I grew up going to church almost every Sunday. Our church was a loving community, although it certainly had its faults (they all do). Several years ago, I attended a different Christian church for a while. As you might know, each church has its own little culture, and I had important reasons for learning about this one. The people at this particular church were clearly not accustomed to having outsiders in their midst. These were the messages I received:
- you wear the wrong clothes
- your church is bad
- you don't follow our tradition
- you'll be an inadequate mother
- you're not a true believer
- you act weird
- you're going to hell
Maybe it seems too cruel to be true, but it is what happened. I had a hard time processing it (and I'm still trying to process it in some ways). At the time, being as naive and optimistic as I was, I thought, Well, they'll like me once they get to know me. Unfortunately, as it turned out, their attitudes were much more deeply ingrained than I thought.
What really confused me was that my church and theirs had very similar doctrines. I thought, This doesn't make sense. We both agree that the Bible is the inspired Word of God and our interpretations of Scripture are very similar. What's the problem?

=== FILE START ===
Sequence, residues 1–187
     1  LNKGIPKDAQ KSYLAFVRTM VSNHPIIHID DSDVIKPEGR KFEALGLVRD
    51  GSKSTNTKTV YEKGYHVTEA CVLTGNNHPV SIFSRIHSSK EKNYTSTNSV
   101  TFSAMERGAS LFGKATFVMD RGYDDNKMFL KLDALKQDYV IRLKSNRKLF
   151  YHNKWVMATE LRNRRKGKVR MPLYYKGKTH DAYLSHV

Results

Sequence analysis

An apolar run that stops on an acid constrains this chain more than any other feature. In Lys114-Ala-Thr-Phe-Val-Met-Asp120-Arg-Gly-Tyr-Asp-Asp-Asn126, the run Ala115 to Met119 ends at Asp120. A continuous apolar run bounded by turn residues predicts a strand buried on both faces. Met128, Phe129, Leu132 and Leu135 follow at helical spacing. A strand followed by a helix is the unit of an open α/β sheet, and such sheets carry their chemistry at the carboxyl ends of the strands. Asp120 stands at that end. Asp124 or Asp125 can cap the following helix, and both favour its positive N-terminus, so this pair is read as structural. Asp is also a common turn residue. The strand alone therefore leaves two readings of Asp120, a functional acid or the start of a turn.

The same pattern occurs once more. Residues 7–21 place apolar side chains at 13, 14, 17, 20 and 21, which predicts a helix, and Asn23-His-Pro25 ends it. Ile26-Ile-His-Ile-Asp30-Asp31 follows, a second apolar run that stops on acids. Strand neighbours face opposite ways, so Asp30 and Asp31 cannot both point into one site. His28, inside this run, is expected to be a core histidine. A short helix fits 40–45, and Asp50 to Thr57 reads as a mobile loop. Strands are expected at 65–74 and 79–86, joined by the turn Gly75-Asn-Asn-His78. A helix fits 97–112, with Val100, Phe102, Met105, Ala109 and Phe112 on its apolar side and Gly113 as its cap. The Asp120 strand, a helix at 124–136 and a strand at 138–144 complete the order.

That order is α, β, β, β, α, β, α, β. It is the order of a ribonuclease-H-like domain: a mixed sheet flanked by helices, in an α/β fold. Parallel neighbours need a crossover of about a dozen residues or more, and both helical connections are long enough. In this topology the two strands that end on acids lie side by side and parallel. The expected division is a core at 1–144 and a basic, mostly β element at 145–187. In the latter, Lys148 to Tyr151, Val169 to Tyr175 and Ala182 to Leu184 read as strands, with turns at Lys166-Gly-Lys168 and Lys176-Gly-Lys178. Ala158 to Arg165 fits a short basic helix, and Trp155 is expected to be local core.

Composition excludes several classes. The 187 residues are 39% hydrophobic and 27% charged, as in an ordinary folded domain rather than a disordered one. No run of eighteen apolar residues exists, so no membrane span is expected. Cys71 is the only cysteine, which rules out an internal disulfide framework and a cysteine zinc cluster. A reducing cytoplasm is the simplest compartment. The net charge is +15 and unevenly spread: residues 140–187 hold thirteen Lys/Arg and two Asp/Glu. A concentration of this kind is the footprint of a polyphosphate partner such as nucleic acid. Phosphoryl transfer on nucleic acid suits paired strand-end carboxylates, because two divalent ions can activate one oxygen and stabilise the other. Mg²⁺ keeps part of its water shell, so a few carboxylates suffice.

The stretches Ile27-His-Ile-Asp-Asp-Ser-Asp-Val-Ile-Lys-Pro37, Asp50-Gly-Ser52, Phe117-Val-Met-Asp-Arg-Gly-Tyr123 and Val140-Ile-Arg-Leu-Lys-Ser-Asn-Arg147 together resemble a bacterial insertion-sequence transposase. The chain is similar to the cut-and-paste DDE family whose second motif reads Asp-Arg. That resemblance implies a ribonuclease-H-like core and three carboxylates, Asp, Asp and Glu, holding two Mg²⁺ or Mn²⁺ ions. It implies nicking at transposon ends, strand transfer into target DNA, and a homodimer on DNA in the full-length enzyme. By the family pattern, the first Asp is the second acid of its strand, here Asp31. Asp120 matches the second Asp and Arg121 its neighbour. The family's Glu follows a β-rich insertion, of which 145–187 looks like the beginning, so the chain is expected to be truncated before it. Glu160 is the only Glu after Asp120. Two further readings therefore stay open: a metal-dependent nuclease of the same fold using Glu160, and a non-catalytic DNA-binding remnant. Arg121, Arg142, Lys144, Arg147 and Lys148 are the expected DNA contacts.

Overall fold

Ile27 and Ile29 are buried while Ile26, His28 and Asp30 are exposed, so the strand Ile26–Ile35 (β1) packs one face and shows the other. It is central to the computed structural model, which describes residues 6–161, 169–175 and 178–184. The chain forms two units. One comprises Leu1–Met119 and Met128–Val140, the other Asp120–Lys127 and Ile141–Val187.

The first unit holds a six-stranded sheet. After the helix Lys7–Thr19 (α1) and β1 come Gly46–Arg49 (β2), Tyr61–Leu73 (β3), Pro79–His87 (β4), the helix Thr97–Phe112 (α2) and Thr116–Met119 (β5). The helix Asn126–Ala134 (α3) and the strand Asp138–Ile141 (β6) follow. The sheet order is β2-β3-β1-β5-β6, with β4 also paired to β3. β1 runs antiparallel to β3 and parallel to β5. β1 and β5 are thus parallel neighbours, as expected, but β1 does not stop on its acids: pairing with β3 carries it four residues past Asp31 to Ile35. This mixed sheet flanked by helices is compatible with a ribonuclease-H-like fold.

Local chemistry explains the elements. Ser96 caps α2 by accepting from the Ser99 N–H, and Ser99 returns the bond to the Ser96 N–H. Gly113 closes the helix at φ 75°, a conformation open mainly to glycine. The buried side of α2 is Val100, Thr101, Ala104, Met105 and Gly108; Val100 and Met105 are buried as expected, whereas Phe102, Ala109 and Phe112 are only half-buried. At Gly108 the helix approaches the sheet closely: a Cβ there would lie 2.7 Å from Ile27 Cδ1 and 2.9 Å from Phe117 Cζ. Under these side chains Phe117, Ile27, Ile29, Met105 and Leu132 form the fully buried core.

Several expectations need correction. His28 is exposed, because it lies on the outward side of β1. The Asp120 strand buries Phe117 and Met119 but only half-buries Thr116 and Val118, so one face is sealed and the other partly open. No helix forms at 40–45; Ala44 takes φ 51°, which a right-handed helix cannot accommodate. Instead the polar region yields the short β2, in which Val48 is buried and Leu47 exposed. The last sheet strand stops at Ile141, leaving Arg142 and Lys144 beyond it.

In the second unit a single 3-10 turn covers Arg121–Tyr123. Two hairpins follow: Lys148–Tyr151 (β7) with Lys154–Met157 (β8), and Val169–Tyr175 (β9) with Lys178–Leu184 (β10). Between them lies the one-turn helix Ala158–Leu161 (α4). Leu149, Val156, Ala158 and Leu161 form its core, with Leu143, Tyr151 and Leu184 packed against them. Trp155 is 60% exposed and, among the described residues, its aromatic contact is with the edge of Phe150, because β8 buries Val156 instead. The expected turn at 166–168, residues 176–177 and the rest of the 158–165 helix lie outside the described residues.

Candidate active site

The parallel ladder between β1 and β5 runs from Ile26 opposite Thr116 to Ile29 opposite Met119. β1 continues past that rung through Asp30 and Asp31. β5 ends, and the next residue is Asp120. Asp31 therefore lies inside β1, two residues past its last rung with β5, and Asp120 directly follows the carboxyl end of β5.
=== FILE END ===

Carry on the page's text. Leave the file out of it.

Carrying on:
The problem had nothing to do with teachings and everything to do with tradition. I don't think tradition in and of itself is bad, but if you turn it into your god I'm gonna get angry. At this church they hold up their tradition almost as if to say, "This is the ultimate standard. This is what saves." There were a number of small differences in tradition between my church and theirs. I thought, Who cares? These are outward things that actually have very little importance. They, on the other hand, were majorly uptight about it all.
I'm starting to understand that people who cling so tightly to rituals are ones who belittle the complexity of life by reducing everything to this or that, here or there. They won't accept obscurity because they're afraid of not having answers. They mentally filter contradictions so that they can have firm solutions. I think it's natural for anyone to think this way once in a while, but these people seem to take it to the extreme. It's a very small way to live and it's oppressive for someone like me because there's no room for dialogue. And I love dialogue, especially the intelligent kind. Accepting contradiction and ambiguity liberates us to be creative, to explore and experience the Divine. There is truth within paradox.
There are some of these traditional people still in my life. It's taken years for them to accept me as a fellow human being, for a lack of a better way to put it. And, quite frankly, it's been extremely difficult for me to love them like I want to. It's finally at the point where I receive eye contact and smiles from them, and even a little friendly conversation. It's a start, and I am thankful.
I think the spiritual abuse has negatively affected my faith in ways far beyond my comprehension, but healing is taking place and I have hope.